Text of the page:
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Teams working together to support the evacuee community in Westminster is an award-winning success

Published on: 31st March 2022

The Afghan evacuee project is a great example of GPs, health teams, charities and Westminster council all working together to provide targeted support. Ethie Kong (pictured), one of the lead GPs, and Adam Taylor from Westminster council explain how the support processes that were put in place have developed into an award-winning system that will help to better support new refugees arriving from other countries, like Ukraine.

Dr Ethie Kong 2.jpg

When evacuees started arriving from Afghanistan last August, it was an emergency scenario that we needed to respond to – and fast.

They were placed in a Westminster hotel and charities and volunteers provided the initial help to this community who were having to rapidly adjust to life in a strange country, with strange food and a strange language.

The Red Cross and Family Lives were involved, going door to door to make assessments to ascertain need – medicines, nappies, or emergency medication. We expected to welcome lots of unaccompanied minors, but only one 15-year-old arrived - and she has been taken into foster care.

Local schools, churches and other community groups were quick to hear about their new residents and raised money, so there was a ready supply of donations to hand.

However we needed to bring order to the initial chaos, as it wasn’t feasible for just the one GP practice to register all the new arrivals! Phase 2 of the operation was a more sustained response with truama screening and registrations with a number of other local GP practices, help with universal credit applications and navigating other systems.

We wanted to help this vulnerable community to acclimatise quickly so with the support of the voluntary sector, a GP hub was set up at the hotel, which brought all the health services under one roof, with interpreters. At one point this included mental health teams, maternity and social care, the job centre and schools - a true example of place-based working.

Between October to late November around 740 evacuees were registered with several different GP practices. Knowing that new migrants might struggle to understand the health system, which leads to misunderstanding and mistrust, a series of leaflets were produced - and translated - giving important information on how to access the healthcare system correctly.

Doing this meant that families knew how to get access to a GP quickly. We also commissioned mental health counselling for trauma, with the GPs making direct referrals.  We also ran covid and child vaccination clinics and screened for TB.

We shared this work with the Home Office, who asked permission to use it nationally as an example of best practice. This has now been turned into a ‘Welcome’ pack which was piloted in Kensington, then branched out to the other boroughs across North West London. This has now been adopted nationally.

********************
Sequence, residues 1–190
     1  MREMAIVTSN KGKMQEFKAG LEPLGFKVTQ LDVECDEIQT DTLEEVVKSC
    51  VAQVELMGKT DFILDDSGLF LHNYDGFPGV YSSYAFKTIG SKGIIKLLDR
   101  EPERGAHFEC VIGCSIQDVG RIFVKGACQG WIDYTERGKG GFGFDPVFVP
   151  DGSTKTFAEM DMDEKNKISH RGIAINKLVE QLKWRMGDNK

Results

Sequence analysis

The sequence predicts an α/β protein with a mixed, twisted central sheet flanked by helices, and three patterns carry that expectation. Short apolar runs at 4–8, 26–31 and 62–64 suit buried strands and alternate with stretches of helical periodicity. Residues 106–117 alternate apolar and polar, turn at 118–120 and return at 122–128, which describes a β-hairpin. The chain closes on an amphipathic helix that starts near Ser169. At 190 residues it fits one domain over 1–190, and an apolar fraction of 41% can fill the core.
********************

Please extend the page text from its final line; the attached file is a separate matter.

Since mid Oct we’ve worked with the Home Office to match families with properties. Initially around 50 families moved to accommodation in Scotland, Wales and the South West, as well as other parts of London and the South East. Around 17,000 evacuees and refugees are currently being housed in one of the 82 hotels around the country owned by the Home Office. Unfortunately the hotel couldn’t extend the Home Office contact beyond the end of March, so the remaining families will move out to bridging hotels around the country.

One of the most rewarding parts of this important work has been seeing the evacuees become independent, through our initial targeted support. For example, we would ensure translators were available to accompany pregnant women to their medical appointments. We had all the names of pregnant women on a list, but in January the first indication that one of our patients had actually given birth was hearing her baby crying in the background, when we rang to check how she was doing! The baby was born with a cleft palate so due to ongoing health needs the family has appointments booked in with Great Ormond Street. However because the family felt so well supported, they had kept it all to themselves and had been able to access the health services independently!  They’re still in the hotel and we’re hoping to accommodate them in a new home soon.

One vital lesson we have learned from this project is to have health teams registering evacuees across several, rather than one GP practice, in order not to lose health records. We now have a better understanding of how people access services and have developed a clear pathway for the tri-boroughs, which cross disciplinary teams attend. We also have weekly meetings so we’ll be better equipped to meet the needs of future evacuees, like those arriving from the Ukraine.

There are 500 Ukrainian families living in the borough of Westminster, so some of the Ukraine evacuees will be wanting to stay with families or people who speak their language, but for those who can’t we’re now better equipped as a multi-disciplinary team to provide them with the support they need to get back on their feet.